UK energy market regulator Ofgem on Thursday announced a decision to approve the 600-MW Shetland electricity transmission link project subject to obtaining sufficient evidence by year end that the 443-MW Viking onshore wind farm is likely to get built.
The watchdog thus confirmed its “minded to” position from April.
The subsea transmission link that will connect Shetland to mainland Scotland, proposed by Scottish Hydro Electric Transmission (SHE-T), will ensure security of supply on the Shetland Isles and allow hundreds of megawatts of low carbon generation to connect to the grid. The Viking Energy Wind Farm (VEWF) is considered the anchor project which commercially underpins the transmission link.
Ofgem said the type of evidence it seeks to be sure the wind project is likely to proceed includes evidence of a final investment decision (FID) being reached, evidence of project information on the basis of which that FID has been taken, and evidence of the FID leading to a major development milestone, such as the entry into a major supply contract or commitment of significant development spend.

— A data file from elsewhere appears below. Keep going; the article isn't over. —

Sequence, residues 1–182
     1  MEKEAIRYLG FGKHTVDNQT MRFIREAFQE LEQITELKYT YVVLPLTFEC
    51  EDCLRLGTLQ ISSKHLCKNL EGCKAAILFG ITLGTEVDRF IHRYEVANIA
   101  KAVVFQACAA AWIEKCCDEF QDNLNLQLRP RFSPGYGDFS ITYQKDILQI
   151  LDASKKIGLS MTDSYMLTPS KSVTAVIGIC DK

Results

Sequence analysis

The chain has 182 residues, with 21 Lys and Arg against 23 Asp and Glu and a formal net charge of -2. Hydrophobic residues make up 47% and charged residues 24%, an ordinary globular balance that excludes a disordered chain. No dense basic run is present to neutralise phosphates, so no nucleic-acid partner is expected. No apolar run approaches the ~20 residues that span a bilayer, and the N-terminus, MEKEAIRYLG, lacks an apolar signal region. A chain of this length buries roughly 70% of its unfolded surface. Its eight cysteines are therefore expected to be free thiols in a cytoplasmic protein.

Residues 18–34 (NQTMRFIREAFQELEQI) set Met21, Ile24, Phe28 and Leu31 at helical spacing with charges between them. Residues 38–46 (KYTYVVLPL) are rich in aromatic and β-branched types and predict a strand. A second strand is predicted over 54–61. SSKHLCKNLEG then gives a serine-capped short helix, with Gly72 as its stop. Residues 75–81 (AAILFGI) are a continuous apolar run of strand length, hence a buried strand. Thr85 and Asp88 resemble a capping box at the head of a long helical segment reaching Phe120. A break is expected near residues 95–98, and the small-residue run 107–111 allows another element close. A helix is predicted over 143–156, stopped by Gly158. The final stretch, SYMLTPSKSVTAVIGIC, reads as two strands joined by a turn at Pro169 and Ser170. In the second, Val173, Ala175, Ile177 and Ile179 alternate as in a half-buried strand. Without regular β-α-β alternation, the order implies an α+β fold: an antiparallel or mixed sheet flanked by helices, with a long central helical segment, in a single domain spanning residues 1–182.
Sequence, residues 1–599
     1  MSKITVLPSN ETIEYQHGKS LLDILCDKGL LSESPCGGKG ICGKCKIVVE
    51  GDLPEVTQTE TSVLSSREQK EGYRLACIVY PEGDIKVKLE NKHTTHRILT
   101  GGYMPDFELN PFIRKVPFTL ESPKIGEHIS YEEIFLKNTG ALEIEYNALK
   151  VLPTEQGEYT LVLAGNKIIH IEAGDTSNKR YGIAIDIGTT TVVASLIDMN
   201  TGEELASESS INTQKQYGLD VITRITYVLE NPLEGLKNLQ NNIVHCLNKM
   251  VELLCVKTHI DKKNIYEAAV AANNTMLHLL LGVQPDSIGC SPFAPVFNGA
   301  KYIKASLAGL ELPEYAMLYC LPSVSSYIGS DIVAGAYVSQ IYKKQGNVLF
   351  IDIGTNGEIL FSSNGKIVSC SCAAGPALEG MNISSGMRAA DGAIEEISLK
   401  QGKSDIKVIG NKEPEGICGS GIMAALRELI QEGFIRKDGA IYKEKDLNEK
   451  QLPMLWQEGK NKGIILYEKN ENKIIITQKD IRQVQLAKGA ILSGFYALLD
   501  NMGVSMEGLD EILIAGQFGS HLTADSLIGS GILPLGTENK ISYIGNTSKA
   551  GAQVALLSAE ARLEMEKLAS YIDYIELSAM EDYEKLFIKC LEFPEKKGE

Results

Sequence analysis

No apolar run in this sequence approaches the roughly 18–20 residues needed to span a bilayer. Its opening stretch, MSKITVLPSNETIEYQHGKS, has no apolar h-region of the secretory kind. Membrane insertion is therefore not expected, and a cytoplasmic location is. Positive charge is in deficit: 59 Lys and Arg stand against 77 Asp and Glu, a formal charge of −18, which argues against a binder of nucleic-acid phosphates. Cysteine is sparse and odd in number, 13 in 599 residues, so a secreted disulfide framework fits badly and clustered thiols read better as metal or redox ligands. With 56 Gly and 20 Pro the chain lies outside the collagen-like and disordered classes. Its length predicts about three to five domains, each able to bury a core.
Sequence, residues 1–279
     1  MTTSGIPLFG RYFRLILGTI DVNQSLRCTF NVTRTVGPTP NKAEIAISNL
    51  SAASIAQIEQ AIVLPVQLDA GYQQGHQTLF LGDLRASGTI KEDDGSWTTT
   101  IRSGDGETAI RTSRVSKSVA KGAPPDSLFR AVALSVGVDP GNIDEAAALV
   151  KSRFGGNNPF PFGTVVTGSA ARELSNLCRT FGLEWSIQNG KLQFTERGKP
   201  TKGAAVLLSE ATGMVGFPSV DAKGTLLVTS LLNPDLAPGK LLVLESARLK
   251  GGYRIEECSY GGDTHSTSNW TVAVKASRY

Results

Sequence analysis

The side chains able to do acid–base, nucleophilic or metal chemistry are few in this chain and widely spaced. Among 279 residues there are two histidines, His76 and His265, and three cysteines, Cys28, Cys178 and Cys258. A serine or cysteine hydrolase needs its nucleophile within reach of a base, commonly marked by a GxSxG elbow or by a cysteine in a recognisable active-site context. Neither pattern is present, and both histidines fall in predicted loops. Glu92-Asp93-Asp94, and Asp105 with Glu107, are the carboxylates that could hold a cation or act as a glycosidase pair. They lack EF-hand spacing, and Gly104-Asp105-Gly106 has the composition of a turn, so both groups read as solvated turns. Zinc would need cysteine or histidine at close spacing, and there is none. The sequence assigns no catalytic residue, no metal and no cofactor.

UK utility SSE plc (LON:SSE) a month ago announced the FID for the wind project, wholly owned by its unit SSE Renewables and developed together with Viking Energy Shetland. At the time it said the excellent wind conditions in Shetland would help it reach a load factor of some 48% and an annual output of 1.9 TWh.
The Consultation on the Final Needs Case for the Shetland transmission link project has received mainly responses opposing the minded-to position, Ofgem noted. It highlighted two key issues brought up by the respondents: a view that it would be cheaper to bet on on-island gas-fired generation to ensure long term security of supply, and the perceived negative environmental impact of the wind farm and link on the local area.
The regulator will publish the full and detailed reasons for its decision by the end of this month.
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